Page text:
Nothing, literally nothing, compares to the hardest and most important job in the world – raising children. And it’s not just parents who understand this – aunties, uncles, teachers, nannies, cousins, friends – all experience their fair share. As a mother of two (beautiful, extraordinary, hilarious) boys aged 7 and 9, the second I think I have this parenting thing all sorted, I’ve lost it again. That is because humans, particularly tiny ones, are unpredictable, uncontrollable, and infinitely creative in ways they come up with to reduce perfectly capable adult humans to puddles of raw emotion.

Just because you were once a child, doesn’t mean you automatically know how to raise one.

Similarly, just because you’ve been led, doesn’t automatically mean you know how to lead.

Leadership is a learned skill, second in difficulty only to raising children.

Many, many leaders are promoted to their position because they are great technical specialists and they’re given more people so they may add more value. They realise quickly they are ill-equipped to manage complex people dynamics and hardly want to admit it, well, because they believe it’s shameful to be promoted into a leadership role and not look like you know what you’re doing! This compounds over time and pretty quickly you have a stack of executives who are pretending to lead.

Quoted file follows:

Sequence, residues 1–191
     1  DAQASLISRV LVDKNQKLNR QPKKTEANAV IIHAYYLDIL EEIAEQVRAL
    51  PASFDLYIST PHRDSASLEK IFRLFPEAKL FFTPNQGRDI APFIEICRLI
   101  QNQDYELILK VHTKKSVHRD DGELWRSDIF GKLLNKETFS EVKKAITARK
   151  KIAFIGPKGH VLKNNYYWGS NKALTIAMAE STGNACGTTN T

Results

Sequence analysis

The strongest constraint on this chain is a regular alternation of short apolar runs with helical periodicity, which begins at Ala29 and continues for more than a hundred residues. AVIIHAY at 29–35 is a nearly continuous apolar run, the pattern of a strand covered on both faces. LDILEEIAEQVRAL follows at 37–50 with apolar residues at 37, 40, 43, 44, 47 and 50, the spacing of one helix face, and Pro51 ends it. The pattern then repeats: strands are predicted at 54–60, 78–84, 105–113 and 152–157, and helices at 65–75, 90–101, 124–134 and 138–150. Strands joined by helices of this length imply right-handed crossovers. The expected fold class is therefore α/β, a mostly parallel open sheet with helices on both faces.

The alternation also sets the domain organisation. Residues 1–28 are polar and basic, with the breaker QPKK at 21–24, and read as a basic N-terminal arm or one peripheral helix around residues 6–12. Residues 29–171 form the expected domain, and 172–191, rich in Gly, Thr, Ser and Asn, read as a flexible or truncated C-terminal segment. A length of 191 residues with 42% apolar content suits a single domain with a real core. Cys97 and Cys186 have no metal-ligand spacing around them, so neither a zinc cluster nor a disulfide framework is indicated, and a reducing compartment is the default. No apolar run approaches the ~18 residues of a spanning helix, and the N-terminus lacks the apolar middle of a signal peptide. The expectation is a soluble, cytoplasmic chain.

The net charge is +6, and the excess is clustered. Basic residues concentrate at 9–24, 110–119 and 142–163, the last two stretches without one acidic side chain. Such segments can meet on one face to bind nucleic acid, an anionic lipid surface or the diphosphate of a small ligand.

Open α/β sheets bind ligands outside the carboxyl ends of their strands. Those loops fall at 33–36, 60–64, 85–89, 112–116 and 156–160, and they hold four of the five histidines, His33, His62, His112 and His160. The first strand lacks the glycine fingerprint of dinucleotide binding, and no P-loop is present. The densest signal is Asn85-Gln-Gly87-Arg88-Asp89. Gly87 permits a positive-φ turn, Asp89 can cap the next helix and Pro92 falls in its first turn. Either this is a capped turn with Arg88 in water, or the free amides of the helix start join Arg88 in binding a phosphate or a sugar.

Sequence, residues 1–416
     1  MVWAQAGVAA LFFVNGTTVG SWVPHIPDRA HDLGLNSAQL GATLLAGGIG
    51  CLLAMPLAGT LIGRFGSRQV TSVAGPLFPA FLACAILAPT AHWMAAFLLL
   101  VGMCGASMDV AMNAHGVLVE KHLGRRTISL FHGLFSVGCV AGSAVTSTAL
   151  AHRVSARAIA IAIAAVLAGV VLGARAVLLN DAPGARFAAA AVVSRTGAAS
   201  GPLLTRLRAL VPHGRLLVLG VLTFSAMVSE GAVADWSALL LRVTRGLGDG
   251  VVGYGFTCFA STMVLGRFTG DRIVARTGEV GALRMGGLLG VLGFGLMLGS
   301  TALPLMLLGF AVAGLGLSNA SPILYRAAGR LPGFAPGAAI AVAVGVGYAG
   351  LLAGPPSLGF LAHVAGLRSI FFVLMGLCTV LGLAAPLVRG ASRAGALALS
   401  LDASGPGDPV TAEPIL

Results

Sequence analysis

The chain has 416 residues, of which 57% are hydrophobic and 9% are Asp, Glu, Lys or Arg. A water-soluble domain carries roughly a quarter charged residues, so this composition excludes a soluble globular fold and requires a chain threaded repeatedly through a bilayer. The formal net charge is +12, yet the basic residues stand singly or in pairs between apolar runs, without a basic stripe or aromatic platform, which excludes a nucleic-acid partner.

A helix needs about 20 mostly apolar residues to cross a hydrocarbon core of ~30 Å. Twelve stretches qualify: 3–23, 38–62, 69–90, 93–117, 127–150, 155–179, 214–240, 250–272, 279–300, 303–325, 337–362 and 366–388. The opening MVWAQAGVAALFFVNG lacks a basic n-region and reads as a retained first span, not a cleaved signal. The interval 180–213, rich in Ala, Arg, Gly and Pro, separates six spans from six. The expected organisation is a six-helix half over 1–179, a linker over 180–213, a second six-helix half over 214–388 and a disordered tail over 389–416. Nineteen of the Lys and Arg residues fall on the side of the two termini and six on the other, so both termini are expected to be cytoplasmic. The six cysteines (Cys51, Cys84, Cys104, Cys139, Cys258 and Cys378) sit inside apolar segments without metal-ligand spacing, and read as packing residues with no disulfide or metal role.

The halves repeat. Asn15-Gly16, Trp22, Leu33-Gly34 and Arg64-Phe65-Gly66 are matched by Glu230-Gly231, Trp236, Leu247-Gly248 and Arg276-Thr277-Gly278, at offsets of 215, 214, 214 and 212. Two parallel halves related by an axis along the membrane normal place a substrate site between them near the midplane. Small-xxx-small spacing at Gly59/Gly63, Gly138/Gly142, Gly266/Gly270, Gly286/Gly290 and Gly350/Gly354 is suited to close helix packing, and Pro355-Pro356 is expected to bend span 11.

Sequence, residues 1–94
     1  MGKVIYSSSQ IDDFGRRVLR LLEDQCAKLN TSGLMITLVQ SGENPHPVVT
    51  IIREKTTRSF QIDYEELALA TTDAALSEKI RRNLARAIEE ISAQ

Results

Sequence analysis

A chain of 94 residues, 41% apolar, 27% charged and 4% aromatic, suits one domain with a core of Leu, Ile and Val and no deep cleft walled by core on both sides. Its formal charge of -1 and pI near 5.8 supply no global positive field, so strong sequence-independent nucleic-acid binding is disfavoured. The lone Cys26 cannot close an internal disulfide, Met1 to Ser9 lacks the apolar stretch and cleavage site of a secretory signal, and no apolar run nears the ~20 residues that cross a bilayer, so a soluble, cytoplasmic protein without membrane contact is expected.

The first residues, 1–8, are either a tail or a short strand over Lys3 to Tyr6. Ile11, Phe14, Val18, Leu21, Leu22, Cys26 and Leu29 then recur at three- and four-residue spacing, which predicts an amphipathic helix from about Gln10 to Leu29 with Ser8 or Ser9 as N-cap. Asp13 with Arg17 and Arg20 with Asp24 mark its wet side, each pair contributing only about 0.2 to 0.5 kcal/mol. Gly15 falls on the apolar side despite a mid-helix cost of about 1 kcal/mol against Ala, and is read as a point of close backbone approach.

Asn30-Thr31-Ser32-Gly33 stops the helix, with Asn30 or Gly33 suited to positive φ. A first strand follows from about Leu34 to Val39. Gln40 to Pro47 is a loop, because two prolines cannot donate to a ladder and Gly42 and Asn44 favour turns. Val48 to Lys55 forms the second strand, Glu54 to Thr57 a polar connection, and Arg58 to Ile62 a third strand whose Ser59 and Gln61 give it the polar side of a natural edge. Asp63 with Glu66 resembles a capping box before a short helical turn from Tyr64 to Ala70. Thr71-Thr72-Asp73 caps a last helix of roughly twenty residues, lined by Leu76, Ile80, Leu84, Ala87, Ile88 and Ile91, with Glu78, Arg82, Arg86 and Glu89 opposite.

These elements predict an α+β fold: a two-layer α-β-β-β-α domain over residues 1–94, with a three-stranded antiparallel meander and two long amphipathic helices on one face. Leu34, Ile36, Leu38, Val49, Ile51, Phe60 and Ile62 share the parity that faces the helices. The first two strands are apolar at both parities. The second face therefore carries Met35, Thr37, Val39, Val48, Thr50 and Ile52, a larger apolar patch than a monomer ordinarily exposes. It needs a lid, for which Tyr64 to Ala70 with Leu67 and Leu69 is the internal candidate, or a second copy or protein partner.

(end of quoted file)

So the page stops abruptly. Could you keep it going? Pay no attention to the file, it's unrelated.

The reality is, leading is like parenting, only with bigger people who’ve learned how to mask their real emotions (only just!).

The challenge is, so much of leadership is paradoxical. To get people to do what needs to be done – we need to ask, not tell. To be perceived as courageous and resilient, we need to be vulnerable, not comfortable. To deepen trust and respect in a relationship, we need to give honest, raw feedback, not praise.

In her bestselling book “Dare to Lead”, Brené Browne tells us that the foundational skill of leadership is the willingness and ability to rumble with vulnerability.

A rumble is a discussion, conversation, or meeting defined by a commitment to lean into vulnerability, to stay curious and generous, to stick with the messy middle of problem identification and solving, to take a break and circle back when necessary, to be fearless in owning our parts and, as psychologist Harriet Lerner teachers, to listen with the same passion with which we want to be heard”.(p.10).

Sound scary? Of course it is! Leading is terrifying! Embrace it. If you’re a leader and not feeling a little fear each day, you’re living in denial, which is far more dangerous because chances are – the people around you are feeling your fear for you.

If you haven’t perfected the art of leadership (or parenting for that matter), don’t beat yourself up. Join the club. Recognise where you are and commit to learning the skills that will elevate your impact.

Want to understand how my Team Alchemy program can help? Drop me a line.

Reference: Brown, B. (2018) “Dare to Lead: Brave work. Tough Conversations. Whole Hearts”. Penguin Random House, UK.

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